Careers

CRUISER SET FOR MEADOWLANDS

A little layover in California obviously did not have a huge effect on Seven Seas Cruiser.

When we last left the B.C. bred champ he was in the air flying to New Jersey and ultimately on to the Meadowlands, the Mecca of harness racing. 

The powerful then-three, now-four -year-old son of Scruffy Hanover out of the mare Nonukesisgoodnukes had been a dominant force in his division in B.C, and now was to get a shot at the big boys. 

Trainer Tim Brown drove Cruiser to Oakland before Christmas but he had to wait for a number of days before being able to get a flight. He did arrive safely and last Friday showed he did not lose a step. 

In a qualifier for an upcoming Stakes series, Cruiser blasted home in 26.4 seconds over the last quarter to beat a field of eight. He had the six post, got to the front early, settled back to second for much of the race and then came on for a 11/2 length victory. He was driven by Brian Sears and covered the mile in 1:56.2. 

He will now take part tonight (Friday) in one of a trio of $20,000 Complex Series opening round divisions. He won a qualifier at the Meadowlands last Friday in 1:56.2. Seven Seas Cruiser has drawn post eight in his division, race eight.  

 "There's not a lot of big races for him here now," trainer/driver Tim Brown explained before Cruiser left B.C. "The owner (John Heras of Delta) thought it would be nice to give him a chance in the east. 

Heading to the Meadowlands, Cruiser had nine wins, five seconds and two thirds in 19 starts in 2004. He won more than $129,000 in the year and more than $153,000 in his short career. 

He has captured the Sandown Plate, a division of the Sandown Breeders and the B.C. Breeders Stakes in 2004.            

 JANE GOOD AGAIN: Carson Jane threw her form out the window - and was very good again. 

Carson Jane went gate-to-wire in capturing the fillies and mares open last Friday at the Downs. It was the second straight win for the five-year-old daughter of Cambest who defeated a field of seven, winning by 13/4 lengths in 1:58.3 on the slow track.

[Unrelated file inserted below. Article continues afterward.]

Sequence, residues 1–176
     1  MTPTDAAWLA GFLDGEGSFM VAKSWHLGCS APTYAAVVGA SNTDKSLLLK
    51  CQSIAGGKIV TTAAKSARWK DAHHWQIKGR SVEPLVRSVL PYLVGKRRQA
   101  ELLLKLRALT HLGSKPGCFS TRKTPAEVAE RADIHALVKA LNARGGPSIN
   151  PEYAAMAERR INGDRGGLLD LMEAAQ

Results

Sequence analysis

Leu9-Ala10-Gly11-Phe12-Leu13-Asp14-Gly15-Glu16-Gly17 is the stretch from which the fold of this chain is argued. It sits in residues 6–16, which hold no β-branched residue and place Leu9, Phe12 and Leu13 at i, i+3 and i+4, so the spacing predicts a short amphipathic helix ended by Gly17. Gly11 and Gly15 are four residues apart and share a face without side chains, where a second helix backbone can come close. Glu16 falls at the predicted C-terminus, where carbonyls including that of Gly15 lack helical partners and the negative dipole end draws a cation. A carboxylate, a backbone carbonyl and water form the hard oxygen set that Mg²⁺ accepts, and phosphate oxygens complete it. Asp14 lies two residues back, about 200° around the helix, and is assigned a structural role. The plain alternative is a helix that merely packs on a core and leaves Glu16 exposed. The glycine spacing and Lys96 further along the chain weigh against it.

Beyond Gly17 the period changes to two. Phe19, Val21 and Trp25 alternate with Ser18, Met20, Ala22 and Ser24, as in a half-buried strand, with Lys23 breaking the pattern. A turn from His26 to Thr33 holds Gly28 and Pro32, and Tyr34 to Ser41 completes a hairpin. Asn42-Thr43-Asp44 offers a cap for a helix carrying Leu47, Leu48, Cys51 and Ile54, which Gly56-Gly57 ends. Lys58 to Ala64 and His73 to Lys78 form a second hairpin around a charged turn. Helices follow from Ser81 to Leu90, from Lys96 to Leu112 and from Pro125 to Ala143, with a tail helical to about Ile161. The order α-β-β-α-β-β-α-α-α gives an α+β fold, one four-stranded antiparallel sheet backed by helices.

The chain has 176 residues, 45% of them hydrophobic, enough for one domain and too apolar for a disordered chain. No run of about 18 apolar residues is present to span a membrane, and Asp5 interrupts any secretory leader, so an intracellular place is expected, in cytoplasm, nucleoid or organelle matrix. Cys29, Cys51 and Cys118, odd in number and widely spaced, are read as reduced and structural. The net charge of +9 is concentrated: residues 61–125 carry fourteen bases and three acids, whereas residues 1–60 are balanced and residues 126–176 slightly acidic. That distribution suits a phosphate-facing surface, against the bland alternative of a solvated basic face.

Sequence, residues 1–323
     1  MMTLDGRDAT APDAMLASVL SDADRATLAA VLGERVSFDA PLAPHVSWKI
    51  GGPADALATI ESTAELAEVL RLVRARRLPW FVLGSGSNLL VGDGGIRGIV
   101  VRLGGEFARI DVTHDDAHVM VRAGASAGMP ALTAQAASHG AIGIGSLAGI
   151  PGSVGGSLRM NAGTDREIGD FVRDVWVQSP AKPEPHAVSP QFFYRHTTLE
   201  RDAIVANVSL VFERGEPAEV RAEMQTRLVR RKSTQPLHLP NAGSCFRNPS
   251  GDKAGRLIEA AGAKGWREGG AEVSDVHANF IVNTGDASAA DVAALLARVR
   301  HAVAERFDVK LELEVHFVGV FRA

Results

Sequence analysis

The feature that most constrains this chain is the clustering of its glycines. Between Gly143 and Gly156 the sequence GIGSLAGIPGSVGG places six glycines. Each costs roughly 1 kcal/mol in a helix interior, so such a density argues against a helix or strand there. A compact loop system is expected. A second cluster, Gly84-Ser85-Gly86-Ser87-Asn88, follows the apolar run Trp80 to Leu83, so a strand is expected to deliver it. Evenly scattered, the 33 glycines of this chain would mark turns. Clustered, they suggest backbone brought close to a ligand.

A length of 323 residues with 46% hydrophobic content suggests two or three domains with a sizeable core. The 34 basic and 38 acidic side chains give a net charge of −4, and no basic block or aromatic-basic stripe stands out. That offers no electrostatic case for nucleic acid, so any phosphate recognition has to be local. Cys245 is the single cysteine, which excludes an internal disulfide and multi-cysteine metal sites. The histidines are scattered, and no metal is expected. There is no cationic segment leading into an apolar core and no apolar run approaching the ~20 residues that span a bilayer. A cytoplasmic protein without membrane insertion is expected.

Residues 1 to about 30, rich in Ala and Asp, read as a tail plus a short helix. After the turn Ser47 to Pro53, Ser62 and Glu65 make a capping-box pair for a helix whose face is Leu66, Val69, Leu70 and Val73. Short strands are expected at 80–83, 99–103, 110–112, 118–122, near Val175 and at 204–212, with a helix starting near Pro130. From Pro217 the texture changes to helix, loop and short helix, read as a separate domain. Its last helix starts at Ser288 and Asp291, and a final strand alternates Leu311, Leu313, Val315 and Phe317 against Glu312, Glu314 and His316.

Owned by Bill Boden and trained and driven by Dave Hudon, Carson Jane now has won four times in six starts since arriving at the Downs in November. The mare, who has a lifetime best of 1:53 set at the Meadowlands, has been plagued with breaking stride, leaving her out of contention in what had been a pattern of every other start. 

The 2-5 favorite, who went to the front from the three post, now has 10 wins and has earned more than $75,000 in her career. 

Bigshoestofill, the 5-1 second choice, chased Jane the whole way to get second and Mandy Jaccka, a 22-1 shot, was third for the second successive week. 

MARINO LEADS WAY: New blood highlighted the driver and trainer win derbies last weekend. 

Jim Marino grabbed a six-pack, including a three-bagger Saturday, to lead the way among the drivers. Tim Brown, despite missing Sunday's action, had five victories along with Scott Knight. Bill Davis picked up four while Daniel St Amand, Dave Hudon, Larry Micallef and Carl Sibiga had two apiece. 

A hot Mike Glover topped all trainers with a handful. Davis had three and Brett Currie, Andy Arsenault, Rick White, Knight and Brown had two each. 

One more new trainer/driver made an appearance at the Downs last weekend when John Brandon Campbell, most recently at Edmonton's Northlands Park made a start. Campbell drove Distant Wind for Saskatchewan owners. 

Fellow Albertans Don Monkman, Jr. and Jerry Nelner each saw their first action. 

BIG WINNERS: Some big payoffs started the weekend by highlighting Friday's action but the real eye-opener was a record triactor on Sunday. 

It looked innocent enough when 5-1 choice Pennys Dancer captured the race. However, closer inspection revealed she was fourth pick at post time and when combined with Mellowroad, at 44-1 the longest shot in the race, and Southside Telstar, 6-1, the result was $24,451.10.

However, the only winning wager was for $1 so the lucky - and decidedly clever - ticket holder won $12,225.55. The previous highest tri was $20,334.90.